Photos of an enslaved father and daughter taken for a racist project at Harvard belong to the school, not the slaves' direct descendant, a Massachusetts judge has ruled. Tamara Lanier, who grew up hearing about great-great-great grandfather Renty, only learned about the 1850 daguerreotypes of himself and daughter Delia in 2010. The photos, showing the subjects naked from the waist up, were taken by Joseph T. Zealy as part of a project commissioned by Harvard zoologist Louis Agassiz, who posited that Black people were inferior, reports the New York Times. The project, rediscovered in 1976, included photos of seven subjects and represent "the earliest known photographs of enslaved people," per Harvard Magazine. Lanier, who filed suit in 2019, argued Harvard had no right to hold them or use them for financial gain.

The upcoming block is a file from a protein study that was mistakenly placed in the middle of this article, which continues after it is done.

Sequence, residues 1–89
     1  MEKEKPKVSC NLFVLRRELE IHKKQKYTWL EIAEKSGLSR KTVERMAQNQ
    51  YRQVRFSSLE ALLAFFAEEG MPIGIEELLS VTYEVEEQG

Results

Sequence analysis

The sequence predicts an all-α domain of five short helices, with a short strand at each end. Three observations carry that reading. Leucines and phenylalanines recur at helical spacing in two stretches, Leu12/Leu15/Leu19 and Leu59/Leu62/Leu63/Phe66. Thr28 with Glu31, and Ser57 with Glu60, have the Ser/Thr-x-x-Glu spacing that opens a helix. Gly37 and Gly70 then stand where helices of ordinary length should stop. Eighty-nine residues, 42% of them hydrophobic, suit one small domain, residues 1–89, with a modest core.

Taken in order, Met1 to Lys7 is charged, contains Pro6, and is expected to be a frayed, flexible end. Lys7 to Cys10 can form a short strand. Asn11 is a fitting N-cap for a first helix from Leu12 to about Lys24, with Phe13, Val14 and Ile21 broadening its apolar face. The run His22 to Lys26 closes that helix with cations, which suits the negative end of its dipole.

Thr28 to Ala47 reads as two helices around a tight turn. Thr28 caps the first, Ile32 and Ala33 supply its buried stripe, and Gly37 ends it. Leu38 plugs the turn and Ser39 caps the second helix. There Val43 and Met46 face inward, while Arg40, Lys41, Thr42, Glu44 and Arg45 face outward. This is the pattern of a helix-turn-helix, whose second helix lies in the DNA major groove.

Judge Camille Sarrouf of Middlesex County Superior Court disagreed Tuesday. "Fully acknowledging the continuing impact slavery has had in the United States, the law, as it currently stands, does not confer a property interest to the subject of a photograph regardless of how objectionable the photograph’s origins may be," she wrote in dismissing the suit. She also noted the issue of commercial use was moot following the deaths of the subjects. Lanier—who recently testified before a House committee looking into slavery reparations, per WTNH—plans to appeal to the state Supreme Court. "I will never let this rest as it is because it is a grave injustice," she tells Harvard Crimson. She has the support of dozens of Agassiz's descendants, USA Today reported in 2019. Harvard now says it plans to increase access to the "powerful visual indictments of ... slavery" and tell the stories of those depicted. (Read more Harvard stories.)